I came across this through Kevyn Winkless’s Pulp Revolution community on Google Plus: a panel discussion from 1968 on H. P. Lovecraft and the pulps with Jack Williamson, E. Hoffman Price, Emil Petaja, Edmond Hamilton, Fritz Leiber, and Robert Bloch. There’s some really good stuff here! First hand accounts of what H. P. Lovecraft and Robert E. Howard were like. Hilarious slams against Harlan Ellison. Lovecraft’s affinity to hard science fiction and his skepticism of Charles Fort. Jack Williamson’s lament on how college students in short story classes completely lacked the sort of grounding that the pulp scene provided.
For an appetizer, here is Lovecraft disciple Robert Bloch on just how influential Weird Tales really was:
In those days there were only two or three science fiction magazines and only one fantasy magazine, and the coming of Weird Tales every month or bimonthly was quite an event. I looked forward to those Lovecraft stories and I was so pleased whenever I saw one that I got into correspondence with him. And he encouraged me to write and he did help me as he did Alva and as a result I didn’t have enough sense to quit and I kept at it.
Now, Weird Tales as you probably know exerted a tremendous influence in the twenties and in the thirties. It published the first story of Ed Hamilton, for example, “The Monster-God of Mamurth”. Isn’t that correct? It published yarns like Jack Williamson’s “Golden Blood”. It published Fritz Leiber’s first story. Is that correct, Fritz? [Fritz Leiber: My first story accepted, yes.] It published Ray Bradbury’s first story. It published the first story of a gentleman named Thomas Lanier Williams, better known as Tennessee Williams today. It had quite a group of writers that emerged from that particular milieu. That’s right, Alva’s just reminded me that Tony Voucher’s first story appeared in Weird Tales.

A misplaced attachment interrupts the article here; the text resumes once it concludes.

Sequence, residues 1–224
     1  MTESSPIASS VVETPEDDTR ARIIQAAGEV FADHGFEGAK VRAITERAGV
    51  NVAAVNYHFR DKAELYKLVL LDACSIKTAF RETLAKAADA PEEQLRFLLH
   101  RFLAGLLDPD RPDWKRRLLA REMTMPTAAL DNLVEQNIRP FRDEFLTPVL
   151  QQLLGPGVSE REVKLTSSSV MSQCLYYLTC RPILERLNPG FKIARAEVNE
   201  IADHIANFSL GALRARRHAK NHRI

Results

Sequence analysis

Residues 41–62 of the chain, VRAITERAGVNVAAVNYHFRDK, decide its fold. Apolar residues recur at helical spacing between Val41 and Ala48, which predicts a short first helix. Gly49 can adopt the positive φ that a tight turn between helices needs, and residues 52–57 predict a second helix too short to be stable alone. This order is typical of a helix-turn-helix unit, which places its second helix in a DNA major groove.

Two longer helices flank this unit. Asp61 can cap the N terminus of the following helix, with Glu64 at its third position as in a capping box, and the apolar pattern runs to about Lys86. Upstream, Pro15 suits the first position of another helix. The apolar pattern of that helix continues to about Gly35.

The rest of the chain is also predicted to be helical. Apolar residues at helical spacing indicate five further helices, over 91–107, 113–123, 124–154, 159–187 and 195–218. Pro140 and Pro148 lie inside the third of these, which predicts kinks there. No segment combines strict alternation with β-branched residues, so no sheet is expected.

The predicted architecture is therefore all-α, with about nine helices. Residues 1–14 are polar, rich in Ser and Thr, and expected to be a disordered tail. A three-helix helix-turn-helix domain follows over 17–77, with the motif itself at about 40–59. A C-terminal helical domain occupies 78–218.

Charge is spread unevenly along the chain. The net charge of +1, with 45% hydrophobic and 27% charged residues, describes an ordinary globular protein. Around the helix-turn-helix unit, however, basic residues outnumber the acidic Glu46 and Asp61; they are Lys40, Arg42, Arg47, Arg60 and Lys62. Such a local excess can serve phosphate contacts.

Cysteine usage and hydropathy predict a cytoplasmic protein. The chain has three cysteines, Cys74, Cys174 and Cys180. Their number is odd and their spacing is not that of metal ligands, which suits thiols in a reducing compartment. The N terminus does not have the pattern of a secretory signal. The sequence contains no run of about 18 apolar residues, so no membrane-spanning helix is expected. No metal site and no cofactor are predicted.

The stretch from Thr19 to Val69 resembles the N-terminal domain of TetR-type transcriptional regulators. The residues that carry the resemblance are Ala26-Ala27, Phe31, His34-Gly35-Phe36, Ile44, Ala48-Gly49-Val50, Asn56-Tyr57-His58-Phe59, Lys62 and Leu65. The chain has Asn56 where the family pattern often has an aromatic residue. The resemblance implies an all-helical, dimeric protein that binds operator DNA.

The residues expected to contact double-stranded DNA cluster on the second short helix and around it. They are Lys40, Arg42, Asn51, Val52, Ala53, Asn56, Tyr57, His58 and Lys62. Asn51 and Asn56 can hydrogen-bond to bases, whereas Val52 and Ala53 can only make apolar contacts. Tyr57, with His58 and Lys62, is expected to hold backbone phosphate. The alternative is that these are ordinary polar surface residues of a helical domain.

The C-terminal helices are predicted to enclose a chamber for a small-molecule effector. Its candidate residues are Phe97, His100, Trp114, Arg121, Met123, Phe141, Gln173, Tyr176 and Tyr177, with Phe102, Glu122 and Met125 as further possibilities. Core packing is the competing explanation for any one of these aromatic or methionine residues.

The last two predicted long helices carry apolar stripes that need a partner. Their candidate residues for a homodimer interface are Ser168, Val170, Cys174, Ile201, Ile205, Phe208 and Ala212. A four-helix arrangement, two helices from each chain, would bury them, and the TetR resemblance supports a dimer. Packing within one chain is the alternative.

So many of us are alumni. We managed to go on from there for better or worse to other things But I think we all owe a great debt of gratitude to men like Lovecraft who introduced us to the field, Men like Farnsworth Wright who had the courage to go on with this magazine. It wasn’t actually a paying proposition you know in those days. There was absolutely no guarantee not only that we would get paid but that the magazine itself would continue from one issue to another.
Many of my stories I’ve been amazed to discover are today collector’s items– garbage collector’s items. This has been true of most of the people that wrote in the field. It is an amazing thing that today perhaps 25 or 3o years later, Weird Tales exerts I think a greater influence on the fantasy field and the science fiction field and directly on the writers it produced than almost any other magazine of its time and with almost any other magazine that’s in existence today. Except of course Mad Comics. Aside from that Weird Tales I think has been preeminent in its field.
Listen to the whole thing!